The Fantastic Four are my absolute favorite comic book characters of all time. That is why it pains me that the Fantastic Four ongoing series is currently one of my least favorite titles to read each month. Maybe I’m overcritical because of my affection for the characters. The series seems to be getting generally positive reviews from other fans and critics. But from my point of view, writer Jonathan Hickman seems to be struggling and not really sure of where he wants this story to go. More importantly, I am getting an overwhelming sense that he does not have a proper understanding of the characters and their relationships with one another, or what this book is really about. Granted, he is the writer; the book is about whatever he chooses it to be about. Also, I’m not saying the series should have the same feel it did five, ten, or twenty years ago; comic book characters evolve and change as they are passed along through different teams of writers and artists. That is part of the beauty of the medium. But the direction Hickman is driving these characters is making them almost completely unrecognizable as the characters they were before.
Issue #603 is part 4 of the “Forever” story arc, and begins during a space battle between Galactus, The Celestials, the Annihilation Wave (under the control of the recently-returned Johnny Storm), The Inhumans, and The Kree. The Kree, a militaristic alien race, have been the major threat for the past few issues, but as soon as the cosmically powerful Celestials show up they flee the scene with the Inhumans on their tail, so I guess that clears that up. Galactus, the intergalactic devourer of worlds, does his best to defend against The Celestials, but becomes powerless when they combine into one giant super-Celestial. He is defeated and plummets to Earth. “Galactus Earthfall,” as Crave Online writer Andy Hunsaker calls it. This leaves the Fantastic Four (who are still wearing those terrible white and black Future Foundation costumes) to return to Earth and meet Reed’s father Nathaniel at The Hub, where they plan to stage their counter-attack against the Celestials.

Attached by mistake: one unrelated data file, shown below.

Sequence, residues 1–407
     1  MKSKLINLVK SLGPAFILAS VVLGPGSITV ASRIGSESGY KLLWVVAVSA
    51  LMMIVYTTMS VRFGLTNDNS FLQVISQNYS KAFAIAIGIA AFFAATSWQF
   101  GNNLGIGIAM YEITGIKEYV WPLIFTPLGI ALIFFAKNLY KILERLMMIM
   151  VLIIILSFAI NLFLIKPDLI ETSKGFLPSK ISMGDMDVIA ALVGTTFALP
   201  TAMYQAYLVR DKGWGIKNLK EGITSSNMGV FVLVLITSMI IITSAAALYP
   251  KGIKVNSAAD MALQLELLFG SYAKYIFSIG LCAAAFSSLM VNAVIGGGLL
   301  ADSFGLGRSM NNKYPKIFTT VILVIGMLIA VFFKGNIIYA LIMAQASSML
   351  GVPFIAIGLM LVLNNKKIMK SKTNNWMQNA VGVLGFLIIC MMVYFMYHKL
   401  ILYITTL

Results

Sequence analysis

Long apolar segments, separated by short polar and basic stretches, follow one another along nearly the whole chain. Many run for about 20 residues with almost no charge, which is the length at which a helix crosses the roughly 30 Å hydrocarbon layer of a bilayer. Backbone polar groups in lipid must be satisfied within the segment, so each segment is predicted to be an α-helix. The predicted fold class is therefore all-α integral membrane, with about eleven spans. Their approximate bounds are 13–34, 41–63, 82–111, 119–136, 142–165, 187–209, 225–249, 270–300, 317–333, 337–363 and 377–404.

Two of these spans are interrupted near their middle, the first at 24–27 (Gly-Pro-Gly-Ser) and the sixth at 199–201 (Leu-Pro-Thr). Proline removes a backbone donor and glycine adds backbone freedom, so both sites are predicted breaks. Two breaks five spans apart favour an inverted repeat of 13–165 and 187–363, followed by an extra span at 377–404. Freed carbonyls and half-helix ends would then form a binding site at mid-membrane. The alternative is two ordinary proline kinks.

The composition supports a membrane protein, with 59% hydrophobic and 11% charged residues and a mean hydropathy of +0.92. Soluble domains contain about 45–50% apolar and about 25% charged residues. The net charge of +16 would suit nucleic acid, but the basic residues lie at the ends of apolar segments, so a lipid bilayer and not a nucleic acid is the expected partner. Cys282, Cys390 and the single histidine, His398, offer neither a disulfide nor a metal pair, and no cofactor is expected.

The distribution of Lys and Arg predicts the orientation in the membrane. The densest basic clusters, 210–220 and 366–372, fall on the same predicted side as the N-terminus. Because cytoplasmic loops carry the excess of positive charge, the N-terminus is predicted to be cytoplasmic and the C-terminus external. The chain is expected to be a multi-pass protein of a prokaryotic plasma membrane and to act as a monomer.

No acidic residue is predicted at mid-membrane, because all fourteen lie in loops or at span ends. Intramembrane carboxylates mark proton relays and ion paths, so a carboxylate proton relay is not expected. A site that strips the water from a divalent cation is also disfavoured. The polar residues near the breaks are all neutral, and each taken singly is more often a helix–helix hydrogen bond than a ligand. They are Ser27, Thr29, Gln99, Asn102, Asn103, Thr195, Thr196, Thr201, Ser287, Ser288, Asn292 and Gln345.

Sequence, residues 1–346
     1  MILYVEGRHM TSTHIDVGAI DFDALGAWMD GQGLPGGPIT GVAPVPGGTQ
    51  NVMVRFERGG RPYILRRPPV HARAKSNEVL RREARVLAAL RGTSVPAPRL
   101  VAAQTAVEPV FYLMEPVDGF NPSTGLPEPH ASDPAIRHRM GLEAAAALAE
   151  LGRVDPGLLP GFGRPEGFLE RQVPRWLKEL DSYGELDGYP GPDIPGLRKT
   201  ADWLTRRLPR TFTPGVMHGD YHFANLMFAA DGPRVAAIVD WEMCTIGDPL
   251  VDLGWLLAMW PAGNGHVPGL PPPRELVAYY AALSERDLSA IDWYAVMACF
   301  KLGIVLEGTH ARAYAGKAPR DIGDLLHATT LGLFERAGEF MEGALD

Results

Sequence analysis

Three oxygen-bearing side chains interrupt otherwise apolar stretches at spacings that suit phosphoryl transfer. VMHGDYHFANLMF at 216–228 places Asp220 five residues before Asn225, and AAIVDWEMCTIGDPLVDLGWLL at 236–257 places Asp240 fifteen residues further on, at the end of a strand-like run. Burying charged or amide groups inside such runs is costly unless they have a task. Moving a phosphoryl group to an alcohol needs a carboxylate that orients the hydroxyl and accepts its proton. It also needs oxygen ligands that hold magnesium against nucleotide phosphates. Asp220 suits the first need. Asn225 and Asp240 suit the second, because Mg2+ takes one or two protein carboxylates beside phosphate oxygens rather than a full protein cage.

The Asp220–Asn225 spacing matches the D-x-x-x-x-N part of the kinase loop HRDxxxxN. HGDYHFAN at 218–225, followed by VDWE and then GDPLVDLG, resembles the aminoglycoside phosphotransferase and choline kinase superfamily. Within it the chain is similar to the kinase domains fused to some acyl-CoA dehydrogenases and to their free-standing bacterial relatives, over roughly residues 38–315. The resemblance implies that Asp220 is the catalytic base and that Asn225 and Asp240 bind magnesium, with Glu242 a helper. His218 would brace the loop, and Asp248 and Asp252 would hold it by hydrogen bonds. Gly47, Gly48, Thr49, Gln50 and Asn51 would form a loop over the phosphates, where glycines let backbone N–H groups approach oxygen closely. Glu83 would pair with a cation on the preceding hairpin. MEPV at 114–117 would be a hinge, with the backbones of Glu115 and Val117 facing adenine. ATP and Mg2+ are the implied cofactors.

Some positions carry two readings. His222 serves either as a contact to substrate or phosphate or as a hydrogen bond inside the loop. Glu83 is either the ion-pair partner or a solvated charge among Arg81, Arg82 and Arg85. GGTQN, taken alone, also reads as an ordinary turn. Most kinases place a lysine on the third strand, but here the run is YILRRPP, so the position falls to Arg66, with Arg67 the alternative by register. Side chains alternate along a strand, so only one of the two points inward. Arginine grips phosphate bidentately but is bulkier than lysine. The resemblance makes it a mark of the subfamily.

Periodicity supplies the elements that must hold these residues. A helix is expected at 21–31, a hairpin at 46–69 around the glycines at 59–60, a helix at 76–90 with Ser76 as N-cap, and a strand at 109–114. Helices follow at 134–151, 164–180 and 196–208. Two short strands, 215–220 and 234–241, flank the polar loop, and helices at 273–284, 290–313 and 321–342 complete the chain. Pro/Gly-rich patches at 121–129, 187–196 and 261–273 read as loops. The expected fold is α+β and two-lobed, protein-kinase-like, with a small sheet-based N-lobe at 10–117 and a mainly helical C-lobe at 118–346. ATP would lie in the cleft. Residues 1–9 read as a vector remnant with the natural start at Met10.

The whole thing is just a mess. Everyone was freaking out for the past couple issues about how the Kree were destroying Earth, but when The Celestials show up completely out of no where, the Kree leave and are completely forgotten about. Now everyone is freaking out about The Celestials. It bugs me because this threat is completely unrelated: the Kree attack could have never happened and the Earth would still be in the same situation. It’s just one crazy thing after another crazy thing, without the first crazy thing ever contributing to the story or coming to a resolution. And, based on the last page of issue #603, it isn’t about to stop.
It is my hope that this insane battle will end soon, and give Reed, Sue, Ben, Johnny, and the kids some downtime so they can decide where the team goes from here. The action has not slowed one bit, even when Johnny returned from the dead (Spider-Man still has his spot on the team). Despite the title of this series, the team is still technically the Future Foundation (as they started calling themselves after Johnny’s death, with ugly new costumes and an ugly new logo to match). They have not even been given the chance to talk about what they will call themselves now that Johnny is back. Basically, I want some semblance of the status quo restored. It’s time for them to kick Spidey out (not that I don’t enjoy what he brings to the table), put Johnny back as a full-time member, bring back the blue costumes with the proper “4” logo, and call themselves what they really are: the Fantastic Four.